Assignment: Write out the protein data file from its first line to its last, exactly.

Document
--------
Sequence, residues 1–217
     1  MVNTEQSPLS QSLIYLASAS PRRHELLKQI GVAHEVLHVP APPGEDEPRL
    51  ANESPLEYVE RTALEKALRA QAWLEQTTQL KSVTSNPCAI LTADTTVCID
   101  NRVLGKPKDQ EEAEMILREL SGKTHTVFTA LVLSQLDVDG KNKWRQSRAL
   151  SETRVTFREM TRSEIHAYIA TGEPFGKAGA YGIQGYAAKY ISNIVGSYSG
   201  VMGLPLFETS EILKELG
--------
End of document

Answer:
Sequence, residues 1–217
     1  MVNTEQSPLS QSLIYLASAS PRRHELLKQI GVAHEVLHVP APPGEDEPRL
    51  ANESPLEYVE RTALEKALRA QAWLEQTTQL KSVTSNPCAI LTADTTVCID
   101  NRVLGKPKDQ EEAEMILREL SGKTHTVFTA LVLSQLDVDG KNKWRQSRAL
   151  SETRVTFREM TRSEIHAYIA TGEPFGKAGA YGIQGYAAKY ISNIVGSYSG
   201  VMGLPLFETS EILKELG